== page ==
Undoubtedly one of the great joys of diving is capturing what you see and experience while in the watery deep. We’re as passionate about underwater photography as we are about diving in general. Which we image is shared with most divers, especially those who have invested in one of the best underwater cameras for diving.
Even if you have been taking snaps underwater for some time now, the switch to moving images can be a tricky one. However, you’ll find our guide for using your GoPro for underwater video compelling and informative.
Easy Guide to Underwater Photography
What though, if you are just looking to pick up some new hints and tips to improve those basic underwater photography skills you’ve got locked down? In the following post that’s what we’re gifting you.
Before we get stuck into some great tips for beginners and experts, covering all levels of skill, we’re going to look at some of the easy to make mistakes that many people do (mainly beginners).
Underwater Photography Mistakes All Beginners Need to Avoid
- Using way too much saturation. When really you should just increase the saturation be 5 to 10%
- Try to photograph a busy coral reef within one photo. When you should look at isolating specific subjects on and around the reef for a less cluttered and more focused image.
- Having a background full of distractions.
- Taking shots through too much water. Never try to take a picture of a subject that’s over 2 or 3-feet away from you.
- Always taking shots in landscape mode. It’s much better to take a mixture of both, using portrait mode at least 50% of the time.
- Lack of the necessary amount of sharpness in your photographs.
- Shooting without enough color. The best way around this is by using strobes. Fast shutter speed will block any ambient light out. You should also consider getting in closer to your subject.
- Not having enough contrast in your images. Again, the use of strobes helps here as does getting closer to your subject.
Tips for Shooting Underwater for Beginners
These are the kinds of things all self-respecting underwater snappers should know.
- Finetune your diving skills before you start taking pictures underwater.
- As the water reduces the sharpness, contrast, and color, so get closer to subjects, at least 12-inches from them/it.
- Although you can use a contrast increase at the post-processing stage, it’s important to avoid overdoing it.
- When underwater images don’t look as sharp as you’d like, you need to think about the shutter speed you are using.
- It really should set at 1/125th for fast-moving fish, 1/60th for slow-moving fish and objects and 1/30th for objects and subjects that are still.
- To focus quickly, use the spot focus option.
- Always shoot with the sun behind you when using natural light and only in an area of 20ft.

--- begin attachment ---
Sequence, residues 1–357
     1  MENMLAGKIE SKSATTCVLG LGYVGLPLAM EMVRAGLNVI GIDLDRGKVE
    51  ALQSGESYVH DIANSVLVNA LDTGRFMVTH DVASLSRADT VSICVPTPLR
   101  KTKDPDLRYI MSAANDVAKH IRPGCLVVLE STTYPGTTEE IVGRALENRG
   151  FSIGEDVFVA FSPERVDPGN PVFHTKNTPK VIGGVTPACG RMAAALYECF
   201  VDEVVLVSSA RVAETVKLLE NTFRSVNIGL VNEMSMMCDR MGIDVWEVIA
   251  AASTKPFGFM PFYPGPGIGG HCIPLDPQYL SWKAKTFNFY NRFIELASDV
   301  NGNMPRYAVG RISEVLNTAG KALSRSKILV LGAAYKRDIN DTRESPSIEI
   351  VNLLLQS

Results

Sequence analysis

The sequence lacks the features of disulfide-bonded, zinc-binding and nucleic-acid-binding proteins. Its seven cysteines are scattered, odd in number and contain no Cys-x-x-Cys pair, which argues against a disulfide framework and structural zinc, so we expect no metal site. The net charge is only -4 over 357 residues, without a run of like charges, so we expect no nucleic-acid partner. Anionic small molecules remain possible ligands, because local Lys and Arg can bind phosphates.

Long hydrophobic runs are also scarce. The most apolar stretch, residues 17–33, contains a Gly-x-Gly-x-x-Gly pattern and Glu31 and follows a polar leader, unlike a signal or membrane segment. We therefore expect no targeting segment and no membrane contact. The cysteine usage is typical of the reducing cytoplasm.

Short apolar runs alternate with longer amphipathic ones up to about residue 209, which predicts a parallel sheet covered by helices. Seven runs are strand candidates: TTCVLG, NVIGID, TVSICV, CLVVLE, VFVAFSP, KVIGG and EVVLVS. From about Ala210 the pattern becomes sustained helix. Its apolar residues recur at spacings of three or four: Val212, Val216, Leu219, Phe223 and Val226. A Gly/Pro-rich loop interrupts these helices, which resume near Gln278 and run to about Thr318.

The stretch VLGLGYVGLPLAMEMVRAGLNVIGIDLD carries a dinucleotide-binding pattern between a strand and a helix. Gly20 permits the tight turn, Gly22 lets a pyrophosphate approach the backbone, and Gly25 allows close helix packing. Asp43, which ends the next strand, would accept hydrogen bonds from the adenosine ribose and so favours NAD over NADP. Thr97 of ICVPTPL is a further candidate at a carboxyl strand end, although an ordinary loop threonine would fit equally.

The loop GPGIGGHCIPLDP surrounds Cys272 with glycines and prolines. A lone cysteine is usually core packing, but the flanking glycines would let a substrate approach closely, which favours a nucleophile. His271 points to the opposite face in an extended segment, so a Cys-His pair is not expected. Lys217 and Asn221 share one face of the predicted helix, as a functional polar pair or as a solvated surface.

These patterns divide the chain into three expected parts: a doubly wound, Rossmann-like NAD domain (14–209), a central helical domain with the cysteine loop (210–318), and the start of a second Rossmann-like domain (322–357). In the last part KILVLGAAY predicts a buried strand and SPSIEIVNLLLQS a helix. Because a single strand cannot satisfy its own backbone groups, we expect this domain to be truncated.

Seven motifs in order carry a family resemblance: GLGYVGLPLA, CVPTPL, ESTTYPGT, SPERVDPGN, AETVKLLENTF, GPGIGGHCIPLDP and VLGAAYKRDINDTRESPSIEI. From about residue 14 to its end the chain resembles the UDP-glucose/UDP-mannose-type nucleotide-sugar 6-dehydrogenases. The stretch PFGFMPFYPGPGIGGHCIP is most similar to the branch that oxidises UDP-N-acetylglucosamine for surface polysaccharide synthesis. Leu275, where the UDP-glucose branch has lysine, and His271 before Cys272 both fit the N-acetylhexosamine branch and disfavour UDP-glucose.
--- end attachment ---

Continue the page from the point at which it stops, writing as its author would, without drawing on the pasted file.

- Practice and master the skill of using the aperture priority or manual mode if you have a camera with this option, as this will help you to have control over the balance of light from the flash and natural light.
- Always use the automatic white balance when you are using a strobe or flash and underwater mode or customized white balance when you aren’t.
- Always ensure the eyes of your subject are fully in focus.
Tips for Shooting Underwater for Advanced Photographers
This is for the more skilled and experienced.
- Always try to previsualize your images
- Get your images as close to perfect on camera as possible. All experienced and skilled photographers need to do very little in the processing stage back in front of their computer.
- Always approach subjects slowly, especially wildlife, never from above but at their level and take the time to observe them before taking shots.
- Use the best equipment you can afford, especially avoiding cutting corners with inexpensive strobes and lens.
- Always consider the type of lens and whether it’s right for the kind of shot you are looking to achieve
- Make proper use of your DOF and if necessary, deliberately blur out backgrounds that cause a distraction.
- Think in terms of diagonal compositions
- Always think about choosing the best color combinations
- Always consider the background of any image, whether it’s a wide-angled one or a close-up and focused one.
- Take inspiration from other underwater photographers, but always aim to do your own thing. Remember the phrase ‘imitate, then innovate’ to get original and unique shots.
- If you are using a DSLR camera and macro lens, try moving the center focus point to allow you to focus better on the rhinophores or eyes of who or what you are shooting, without needing to keep the focal point of the image in the center.
Hopefully, with the help of this comprehensive list of underwater photography tips guide, you will be taking National Geographic standard images in no time. The final note we’d like to say is that even if that’s still a long way off, keep practicing and never give up.